MORAGA -- Orinda won't be the only city this fall asking residents and out-of-towners to pay a little extra sales tax to fix ailing roads and storm drains.
Moraga officials voted this week to place a one-cent sales tax measure on the November ballot. Proceeds, they said, would be used to maintain and repair roads the Metropolitan Transportation Commission has ranked "at risk."
If approved, the tax would generate $1 million annually for the town's general fund and would address most of Moraga's street and road repair needs, officials said. The town has a $25 million backlog of road and storm drain repairs and an annual budget of about $6 million, $500,000 of which is dedicated to street maintenance. Town leaders estimate that it would require the elimination of all other services for four years in order to begin tackling the needed maintenance and repairs.
State takeaways of nearly $5 million since the early 1990s have also put a dent in Moraga's ability to pay for road repairs, leaders explained. Mayor Mike Metcalf said the town could not count on federal or state money to fix infrastructure problems and explained that it must be done locally. "It's up to us," he said.
Consultant Jennifer Rindahl told the council that revenue generated from the general tax is local and that the state would not be able to access that money. "These are funds you get to keep no matter what," she said.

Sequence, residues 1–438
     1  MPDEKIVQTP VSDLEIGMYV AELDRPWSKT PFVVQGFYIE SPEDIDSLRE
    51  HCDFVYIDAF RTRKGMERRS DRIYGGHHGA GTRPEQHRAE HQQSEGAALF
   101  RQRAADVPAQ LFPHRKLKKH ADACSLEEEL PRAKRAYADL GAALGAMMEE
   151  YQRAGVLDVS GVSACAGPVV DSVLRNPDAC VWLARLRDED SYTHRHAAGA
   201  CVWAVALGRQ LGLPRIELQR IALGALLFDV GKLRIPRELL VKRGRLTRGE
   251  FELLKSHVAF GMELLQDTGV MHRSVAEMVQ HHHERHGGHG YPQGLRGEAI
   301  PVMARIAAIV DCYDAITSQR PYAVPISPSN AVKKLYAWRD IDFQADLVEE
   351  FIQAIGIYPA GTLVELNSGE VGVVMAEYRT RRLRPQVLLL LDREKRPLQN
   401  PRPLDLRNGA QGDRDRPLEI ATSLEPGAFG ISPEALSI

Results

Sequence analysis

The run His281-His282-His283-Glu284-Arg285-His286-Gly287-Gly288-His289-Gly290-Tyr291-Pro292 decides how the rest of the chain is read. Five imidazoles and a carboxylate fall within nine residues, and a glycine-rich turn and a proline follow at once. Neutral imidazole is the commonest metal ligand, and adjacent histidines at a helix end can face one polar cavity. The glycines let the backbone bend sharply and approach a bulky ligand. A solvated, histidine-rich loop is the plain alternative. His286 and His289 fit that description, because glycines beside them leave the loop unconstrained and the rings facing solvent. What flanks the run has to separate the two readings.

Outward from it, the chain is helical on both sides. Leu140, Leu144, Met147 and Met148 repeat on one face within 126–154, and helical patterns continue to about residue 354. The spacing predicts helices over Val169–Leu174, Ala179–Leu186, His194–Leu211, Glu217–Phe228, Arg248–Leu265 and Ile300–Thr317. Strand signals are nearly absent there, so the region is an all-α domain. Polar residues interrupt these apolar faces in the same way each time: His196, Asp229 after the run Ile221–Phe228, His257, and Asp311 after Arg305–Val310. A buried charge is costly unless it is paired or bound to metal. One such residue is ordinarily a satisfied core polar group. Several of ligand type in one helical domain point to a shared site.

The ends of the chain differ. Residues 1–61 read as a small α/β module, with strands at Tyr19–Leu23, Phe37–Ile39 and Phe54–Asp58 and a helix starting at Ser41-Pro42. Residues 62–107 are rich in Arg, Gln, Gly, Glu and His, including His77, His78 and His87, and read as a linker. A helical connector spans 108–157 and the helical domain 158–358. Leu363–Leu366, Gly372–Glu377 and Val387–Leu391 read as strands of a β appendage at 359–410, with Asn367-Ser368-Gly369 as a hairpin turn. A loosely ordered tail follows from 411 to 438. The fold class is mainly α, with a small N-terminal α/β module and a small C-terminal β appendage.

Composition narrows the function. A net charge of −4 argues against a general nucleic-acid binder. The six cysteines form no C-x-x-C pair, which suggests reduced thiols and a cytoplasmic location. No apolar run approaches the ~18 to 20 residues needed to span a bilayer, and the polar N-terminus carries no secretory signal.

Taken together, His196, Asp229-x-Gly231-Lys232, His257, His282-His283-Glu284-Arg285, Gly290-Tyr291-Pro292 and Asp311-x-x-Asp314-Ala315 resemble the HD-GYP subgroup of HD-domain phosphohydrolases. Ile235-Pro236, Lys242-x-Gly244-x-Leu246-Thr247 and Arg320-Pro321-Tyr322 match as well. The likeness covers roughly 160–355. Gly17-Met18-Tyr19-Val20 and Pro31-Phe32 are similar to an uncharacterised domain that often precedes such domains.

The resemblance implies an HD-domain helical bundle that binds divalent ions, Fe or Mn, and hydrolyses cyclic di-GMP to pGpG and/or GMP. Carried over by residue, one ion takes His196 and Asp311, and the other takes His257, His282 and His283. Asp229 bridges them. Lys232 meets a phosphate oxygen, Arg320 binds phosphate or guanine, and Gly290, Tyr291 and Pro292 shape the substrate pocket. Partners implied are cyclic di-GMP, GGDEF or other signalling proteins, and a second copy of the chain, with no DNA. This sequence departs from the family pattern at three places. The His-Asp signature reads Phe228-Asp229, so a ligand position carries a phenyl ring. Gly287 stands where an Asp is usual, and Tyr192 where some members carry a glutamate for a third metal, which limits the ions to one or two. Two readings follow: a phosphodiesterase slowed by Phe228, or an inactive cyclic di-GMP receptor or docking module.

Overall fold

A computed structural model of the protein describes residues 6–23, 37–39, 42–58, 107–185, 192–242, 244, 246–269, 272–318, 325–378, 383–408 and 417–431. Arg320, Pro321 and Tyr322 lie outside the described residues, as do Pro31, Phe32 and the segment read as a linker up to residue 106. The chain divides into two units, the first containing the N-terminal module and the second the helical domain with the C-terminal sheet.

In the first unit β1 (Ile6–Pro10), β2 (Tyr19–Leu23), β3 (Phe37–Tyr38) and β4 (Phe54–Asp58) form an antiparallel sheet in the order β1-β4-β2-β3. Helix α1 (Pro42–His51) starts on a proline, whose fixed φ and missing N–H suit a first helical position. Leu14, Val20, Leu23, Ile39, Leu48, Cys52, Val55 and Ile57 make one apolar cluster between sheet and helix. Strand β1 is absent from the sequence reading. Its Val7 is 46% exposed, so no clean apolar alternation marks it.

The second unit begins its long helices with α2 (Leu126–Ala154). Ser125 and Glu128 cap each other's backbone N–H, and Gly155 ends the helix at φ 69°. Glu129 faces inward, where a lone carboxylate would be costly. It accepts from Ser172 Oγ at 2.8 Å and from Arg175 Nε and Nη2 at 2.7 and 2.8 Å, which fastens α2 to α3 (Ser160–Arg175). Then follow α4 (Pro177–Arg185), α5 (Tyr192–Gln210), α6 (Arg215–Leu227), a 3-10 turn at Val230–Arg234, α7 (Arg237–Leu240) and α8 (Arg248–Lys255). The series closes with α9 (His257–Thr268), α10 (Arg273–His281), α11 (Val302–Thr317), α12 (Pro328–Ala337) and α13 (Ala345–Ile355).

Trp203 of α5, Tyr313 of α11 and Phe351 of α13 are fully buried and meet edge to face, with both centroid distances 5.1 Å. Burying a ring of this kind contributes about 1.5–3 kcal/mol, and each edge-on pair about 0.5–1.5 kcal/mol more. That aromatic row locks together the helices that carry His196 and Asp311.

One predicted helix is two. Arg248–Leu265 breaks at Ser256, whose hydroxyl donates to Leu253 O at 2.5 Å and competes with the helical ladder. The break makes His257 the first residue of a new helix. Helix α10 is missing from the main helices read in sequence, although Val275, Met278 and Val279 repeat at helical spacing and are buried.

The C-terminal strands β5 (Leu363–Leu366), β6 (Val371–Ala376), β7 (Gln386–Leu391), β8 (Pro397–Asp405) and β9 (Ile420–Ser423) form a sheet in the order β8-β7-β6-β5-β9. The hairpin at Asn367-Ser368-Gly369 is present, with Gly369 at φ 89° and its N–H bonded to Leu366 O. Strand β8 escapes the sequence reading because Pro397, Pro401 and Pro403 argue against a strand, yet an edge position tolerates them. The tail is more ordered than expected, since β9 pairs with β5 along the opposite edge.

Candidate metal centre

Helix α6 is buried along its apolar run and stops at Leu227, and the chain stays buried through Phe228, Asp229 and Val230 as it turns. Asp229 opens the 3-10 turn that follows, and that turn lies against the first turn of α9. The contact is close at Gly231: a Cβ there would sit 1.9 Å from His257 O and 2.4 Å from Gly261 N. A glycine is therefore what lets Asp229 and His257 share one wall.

Rindahl also stressed that food, prescription
Residents and business owners spoke in support of the measure, saying that not repairing the roads would be a serious detriment to the local economy. Some said the sales tax could give residents incentive to shop locally in order to fix the problem.
Most agreed that if the council placed the measure on the ballot, the next step would be to educate residents about the importance of passing it.
The tax needs simple majority approval to pass, and would expire in 20 years. Should voters reject the measure, Town Manager Jill Keimach said the town will continue to go after as many state and federal dollars as possible, but cautioned that the roads would continue to degenerate.
"I expect our roads to continue to decline at the same rate they have previously, but as they fall into greater disrepair, they will deteriorate faster," she said. "In 10 years, if we continue spending what we've been spending, 75 percent of all roads in Moraga will be in very poor condition -- which will likely impact the general fund."